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My Terminal Setup: iTerm + Zsh

As a follow up to my post on my text editor setup, I wanted to write about the other key part of my development setup -- my terminal. Unlike my relatively new text editor setup, my terminal configuration has followed me around for years -- spanning over multiple jobs and even more computers. It's the first thing I get set up on when I get a new computer

The Terminal

I use iTerm2 for my Terminal emulator. It has some really cool features, like search, autocomplete, and paste history. That being said, the feature that makes it a complete must have for me is the split panes.

My Terminal

When I do web development work, I usually have panes open for my server session and for running other commands as necessary. When running many processes at a time, as was required at my old job, I would easily have 10 panes open at a time

Lot's of sessions

You can use the shortcut cmd + d for a new pane horizontally, and cmd + shift + d for a new vertical pane.

my terminal colors

I do have some tweaks to the color palette that I use -- I think the biggest is that my default font is pink (the forefront color).

Other than that, most of the "magic" comes from my shell, Zsh!

The Shell

For my shell, the programming language the command line uses, I use Zsh instead of Bash.

There are some pros and cons of using Zsh, the biggest drawback I've found is some difficulty installing certain software. This was a big learning curve at first, but over time I've gotten used to common stumbling blocks and don't have as many problems. Taking this into account, I would only recommend Zsh for experienced shell users!

That being said, the pros for me far outweigh the cons. The tab completion is much better in Zsh as compared to Bash. It even has tab completion for Git!

Oh My Zsh is a framework for managing your Zsh configuration, and it is a must download. When I refer to Zsh, a lot of the features are actually a part of Oh My Zsh.

My .zshrc

Instead of a .bash_profile, Zsh primarily uses a .zshrc file where your customizations are saved. By default, there are a bunch of comments explaining different settings in that file. I am going to go through some of my settings below.

Zsh has awesome themes, which change the appearance of your prompt.

I use Spaceship which displays a bunch of excellent information. For example, in the directory for my blog, which is a node app, my git branch, the git status, the package version, and the current Node version display. Also, it shows the amount of time the previous command took to run and the computer battery percentage if it is low! This changes slightly from directory to directory, but its really nice to have this information so accessible, especially compared to how difficult it can be to create something similar in a Bash environment.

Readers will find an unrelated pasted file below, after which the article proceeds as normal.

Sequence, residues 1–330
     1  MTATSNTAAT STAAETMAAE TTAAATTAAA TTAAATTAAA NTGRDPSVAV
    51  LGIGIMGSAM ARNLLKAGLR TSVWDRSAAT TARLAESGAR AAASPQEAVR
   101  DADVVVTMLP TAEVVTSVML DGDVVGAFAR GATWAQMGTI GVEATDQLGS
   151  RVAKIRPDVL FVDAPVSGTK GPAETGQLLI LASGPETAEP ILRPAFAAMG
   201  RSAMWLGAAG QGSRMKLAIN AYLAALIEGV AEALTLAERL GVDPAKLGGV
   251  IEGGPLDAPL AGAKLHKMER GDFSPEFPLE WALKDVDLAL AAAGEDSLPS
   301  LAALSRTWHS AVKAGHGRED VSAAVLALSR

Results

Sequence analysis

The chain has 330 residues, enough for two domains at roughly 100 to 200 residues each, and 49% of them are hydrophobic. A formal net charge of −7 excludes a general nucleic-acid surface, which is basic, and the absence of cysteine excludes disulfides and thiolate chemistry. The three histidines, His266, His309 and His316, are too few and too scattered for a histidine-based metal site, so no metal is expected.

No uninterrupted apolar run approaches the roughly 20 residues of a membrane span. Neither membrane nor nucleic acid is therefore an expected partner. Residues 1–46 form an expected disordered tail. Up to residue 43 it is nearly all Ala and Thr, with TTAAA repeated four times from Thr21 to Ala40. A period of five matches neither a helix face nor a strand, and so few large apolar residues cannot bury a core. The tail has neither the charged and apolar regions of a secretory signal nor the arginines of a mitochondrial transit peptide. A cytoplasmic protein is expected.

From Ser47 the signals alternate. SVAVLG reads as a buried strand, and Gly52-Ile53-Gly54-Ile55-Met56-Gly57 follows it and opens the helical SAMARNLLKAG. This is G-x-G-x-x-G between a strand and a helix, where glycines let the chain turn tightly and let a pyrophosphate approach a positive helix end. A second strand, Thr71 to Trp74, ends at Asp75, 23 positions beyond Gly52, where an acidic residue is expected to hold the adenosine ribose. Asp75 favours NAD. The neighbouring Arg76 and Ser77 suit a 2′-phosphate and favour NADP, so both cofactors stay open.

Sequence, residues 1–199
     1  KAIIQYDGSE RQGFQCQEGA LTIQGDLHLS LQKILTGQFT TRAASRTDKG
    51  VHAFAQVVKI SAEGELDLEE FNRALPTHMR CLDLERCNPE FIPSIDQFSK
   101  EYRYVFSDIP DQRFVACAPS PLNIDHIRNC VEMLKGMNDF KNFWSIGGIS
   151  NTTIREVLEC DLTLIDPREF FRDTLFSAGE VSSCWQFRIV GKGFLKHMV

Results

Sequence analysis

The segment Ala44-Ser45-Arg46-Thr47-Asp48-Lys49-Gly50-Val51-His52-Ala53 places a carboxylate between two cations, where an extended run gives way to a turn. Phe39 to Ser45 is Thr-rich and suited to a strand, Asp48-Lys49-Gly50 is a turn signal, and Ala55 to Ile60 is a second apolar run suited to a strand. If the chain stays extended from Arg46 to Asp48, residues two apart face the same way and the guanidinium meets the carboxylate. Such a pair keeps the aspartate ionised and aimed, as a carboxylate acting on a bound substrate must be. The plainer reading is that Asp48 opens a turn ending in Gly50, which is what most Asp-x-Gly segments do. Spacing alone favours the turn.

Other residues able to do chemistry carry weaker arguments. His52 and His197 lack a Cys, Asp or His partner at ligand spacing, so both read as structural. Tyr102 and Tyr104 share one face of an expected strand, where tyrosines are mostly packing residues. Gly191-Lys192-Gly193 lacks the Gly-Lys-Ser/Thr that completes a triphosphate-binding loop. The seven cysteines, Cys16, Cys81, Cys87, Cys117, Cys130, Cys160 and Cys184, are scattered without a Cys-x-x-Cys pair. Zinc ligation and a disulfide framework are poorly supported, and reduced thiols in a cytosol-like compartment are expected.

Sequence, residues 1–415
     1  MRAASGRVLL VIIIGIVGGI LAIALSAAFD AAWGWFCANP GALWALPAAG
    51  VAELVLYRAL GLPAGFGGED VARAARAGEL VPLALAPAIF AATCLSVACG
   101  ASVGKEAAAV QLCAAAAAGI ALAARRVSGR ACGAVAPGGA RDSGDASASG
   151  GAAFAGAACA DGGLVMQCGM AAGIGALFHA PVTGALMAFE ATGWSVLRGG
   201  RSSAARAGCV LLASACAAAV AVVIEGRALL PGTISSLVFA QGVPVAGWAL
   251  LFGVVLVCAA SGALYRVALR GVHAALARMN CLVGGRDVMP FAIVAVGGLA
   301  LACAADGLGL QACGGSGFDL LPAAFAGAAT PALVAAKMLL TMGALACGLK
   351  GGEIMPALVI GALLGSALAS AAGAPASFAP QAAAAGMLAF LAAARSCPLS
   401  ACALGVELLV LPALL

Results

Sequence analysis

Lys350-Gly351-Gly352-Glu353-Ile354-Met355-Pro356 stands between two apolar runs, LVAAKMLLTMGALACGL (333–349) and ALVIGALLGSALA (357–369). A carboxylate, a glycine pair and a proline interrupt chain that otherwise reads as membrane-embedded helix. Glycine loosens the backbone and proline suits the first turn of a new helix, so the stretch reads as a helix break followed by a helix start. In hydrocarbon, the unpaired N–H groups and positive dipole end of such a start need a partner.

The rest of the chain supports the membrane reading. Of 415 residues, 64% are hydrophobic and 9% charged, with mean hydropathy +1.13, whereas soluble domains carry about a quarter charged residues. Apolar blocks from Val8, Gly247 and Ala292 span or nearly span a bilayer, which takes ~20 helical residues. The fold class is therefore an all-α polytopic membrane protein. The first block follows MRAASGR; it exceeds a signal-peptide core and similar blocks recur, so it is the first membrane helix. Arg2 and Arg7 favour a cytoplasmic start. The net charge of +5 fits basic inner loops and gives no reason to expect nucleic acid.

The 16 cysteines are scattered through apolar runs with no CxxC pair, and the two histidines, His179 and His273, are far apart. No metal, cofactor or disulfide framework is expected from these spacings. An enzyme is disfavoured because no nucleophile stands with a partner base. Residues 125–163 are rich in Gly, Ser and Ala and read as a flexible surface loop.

I am always switching on and off the auto-correct built into Zsh. Right now I have it turned on, but it does sometimes annoy me.


Another excellent Zsh feature is plugins. These make Zsh have better autocomplete for different languages or add additional features to the shell. I especially recommend the git plugin -- it's what gives you tab completion for git! I also really like zsh-syntax-highlighting. It highlights valid commands green and invalid ones red, so you don't even have to test the command to see if it will work!

plugins=(git node bundler osx rake ruby python javascript bash zsh-syntax-highlighting)

After that, I have boring PATH and git configuration, so I'm going to leave that out.

Finally, we get to my aliases and custom functions. My guilty pleasure function that isn't great practice is entitled "acp". "acp" adds, commits, and pushes my code, and it looks like this:

function acp() {
  git add .
  git commit -m "$1"
  git push

I use it way too much, but it really speeds things up when I'm working on personal projects.

I have two custom aliases setup:

alias groups="python ~/wdi/groupr/groupr.py"
alias zen="gatsby build && surge public/ zen-of-programming.com"

The first creates random groups of my students for in-class activities and projects. Zen deploys my personal site. Yes, I only have two custom aliases; however, that is just because so many are built into Oh My Zsh!

Some built-in ones I rely on especially hard are "..." which is an alias for "cd ../..". You can keep adding periods and keep moving back in directories. You can also omit "cd" and just type the file name to change from one directory to another -- "blog" is equivalent to "cd blog." There are also other aliases built in to do almost anything you could dream of with git. I also enjoy please=sudo, even though I don't personally use it!

Another bonus utility I have on my computer is tree (which you can install on a Mac with brew install tree). This lists the folders and files in a directory in a really nice way.

file tree

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